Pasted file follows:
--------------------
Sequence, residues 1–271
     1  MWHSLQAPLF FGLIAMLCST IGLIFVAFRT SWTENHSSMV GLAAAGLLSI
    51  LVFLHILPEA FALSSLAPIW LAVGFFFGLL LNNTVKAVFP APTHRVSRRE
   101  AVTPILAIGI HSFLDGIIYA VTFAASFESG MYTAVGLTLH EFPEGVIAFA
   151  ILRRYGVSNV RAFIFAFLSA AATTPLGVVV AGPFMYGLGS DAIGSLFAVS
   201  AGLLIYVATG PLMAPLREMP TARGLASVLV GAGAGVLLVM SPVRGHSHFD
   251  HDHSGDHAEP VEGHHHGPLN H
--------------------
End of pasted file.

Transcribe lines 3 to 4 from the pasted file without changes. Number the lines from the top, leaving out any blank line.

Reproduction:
    51  LVFLHILPEA FALSSLAPIW LAVGFFFGLL LNNTVKAVFP APTHRVSRRE
   101  AVTPILAIGI HSFLDGIIYA VTFAASFESG MYTAVGLTLH EFPEGVIAFA